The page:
The final rule for nonprofit organizations
By Mike Staton , co-founder and managing director, Alerding CPA Group
The U.S. Department of Labor (“DOL”) has issued the new overtime final regulations (“Final Rule”) which impact nonprofits as well as for profits. The new rules will go into effect December 1, and will mean that most employees earning less than $47,476 will be entitled to overtime compensation regardless of their employment classification. Neither the Federal Labor Standards Act (“FLSA”) nor the DOL’s regulations provide an exemption from overtime requirements for nonprofits. However, there are special rules that apply to nonprofits which is where the confusion and details of compliance begin.
Here are some key points and how they apply to nonprofits:
- Effective Date: December 1, 2016 with no phase in period allowed.
- Salary threshold: The Final Rule raises the standard minimum level for salaried, exempt workers to $47,476 per full-time year from the previous threshold of $23,660. White-collar employees must also meet the exemption requirements of the duties tests defined by the FLSA.
- Enterprise rules: As a general matter, nonprofit organizations are NOT covered enterprises unless they meet the threshold test. The FLSA and the Final Rule apply to enterprises with annual sales or business of at least $500,000. For a nonprofit, enterprise coverage applies only to the activities performed for a business purpose (such as operating a gift shop). It does not apply to the organization’s charitable activities that are not in substantial competition with other businesses. Income from contributions, membership fees, many dues, and donations (cash or non-cash) used for charitable activities are not counted toward the $500,000 threshold.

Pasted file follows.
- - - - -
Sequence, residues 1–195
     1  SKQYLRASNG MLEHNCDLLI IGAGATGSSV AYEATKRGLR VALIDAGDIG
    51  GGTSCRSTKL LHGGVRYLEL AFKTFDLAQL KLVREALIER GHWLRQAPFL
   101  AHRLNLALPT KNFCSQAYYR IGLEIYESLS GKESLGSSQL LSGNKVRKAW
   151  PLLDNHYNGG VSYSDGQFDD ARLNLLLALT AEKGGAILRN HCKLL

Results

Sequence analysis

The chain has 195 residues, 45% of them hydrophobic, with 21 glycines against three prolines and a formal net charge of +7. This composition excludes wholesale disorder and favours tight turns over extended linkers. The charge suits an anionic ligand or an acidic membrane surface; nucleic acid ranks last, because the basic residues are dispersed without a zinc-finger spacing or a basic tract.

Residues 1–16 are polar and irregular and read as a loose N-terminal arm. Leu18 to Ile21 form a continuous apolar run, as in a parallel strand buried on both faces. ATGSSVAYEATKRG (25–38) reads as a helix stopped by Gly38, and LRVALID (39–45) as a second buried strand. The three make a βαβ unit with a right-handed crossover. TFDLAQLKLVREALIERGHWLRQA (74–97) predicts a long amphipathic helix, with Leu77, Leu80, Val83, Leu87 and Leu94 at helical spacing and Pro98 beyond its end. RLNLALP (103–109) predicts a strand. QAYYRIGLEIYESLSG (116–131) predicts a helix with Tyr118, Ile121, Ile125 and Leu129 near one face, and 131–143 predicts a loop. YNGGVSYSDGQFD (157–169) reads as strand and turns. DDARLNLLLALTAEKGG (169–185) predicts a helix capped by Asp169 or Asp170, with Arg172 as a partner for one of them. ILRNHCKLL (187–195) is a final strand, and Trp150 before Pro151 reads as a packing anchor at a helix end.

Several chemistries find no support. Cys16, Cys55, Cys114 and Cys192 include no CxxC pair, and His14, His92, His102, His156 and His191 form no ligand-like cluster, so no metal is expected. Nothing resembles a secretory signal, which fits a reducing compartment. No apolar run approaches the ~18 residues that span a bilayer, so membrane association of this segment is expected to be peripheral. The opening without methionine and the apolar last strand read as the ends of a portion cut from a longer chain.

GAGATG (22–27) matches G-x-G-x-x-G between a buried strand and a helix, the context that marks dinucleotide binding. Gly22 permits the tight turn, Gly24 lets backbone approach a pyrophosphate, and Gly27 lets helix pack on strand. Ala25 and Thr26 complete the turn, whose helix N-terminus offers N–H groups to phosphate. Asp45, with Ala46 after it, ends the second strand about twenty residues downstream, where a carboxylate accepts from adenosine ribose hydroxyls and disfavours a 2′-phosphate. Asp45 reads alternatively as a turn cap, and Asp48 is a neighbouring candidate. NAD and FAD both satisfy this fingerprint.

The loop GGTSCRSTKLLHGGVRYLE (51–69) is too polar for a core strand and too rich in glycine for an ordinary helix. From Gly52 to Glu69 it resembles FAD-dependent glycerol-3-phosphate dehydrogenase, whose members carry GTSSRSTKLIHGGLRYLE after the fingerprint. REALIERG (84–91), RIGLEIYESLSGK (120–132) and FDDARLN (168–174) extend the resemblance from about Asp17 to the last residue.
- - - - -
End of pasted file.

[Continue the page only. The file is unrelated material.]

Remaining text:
- Individual rules: There are also tests to be made at the individual level. Organizations should review the FLSA guidelines on these rules.
Employers will need to pursue one of several options to comply with these changes. The options include increasing exempt employees’ salaries to the new level, converting them to hourly employees and paying overtime, or one of many other options.
The DOL has published “Guidance for Non-Profit Organizations on Paying Overtime under the Fair Labor Standards Act” for further clarification. You may also contact your Alerding CPA Group professional at 317-569-4181 or visit our website:www.alerdingcpagroup.com.
Michael A. Staton, CPA
Mike is a Certified Public Accountant and is Co-Founder and Managing Director of Alerding CPA Group. Mike has served closely-held businesses for over 30 years and was named the Accounting Advocate of the Year by the U.S. Small Business Administration in 2001.
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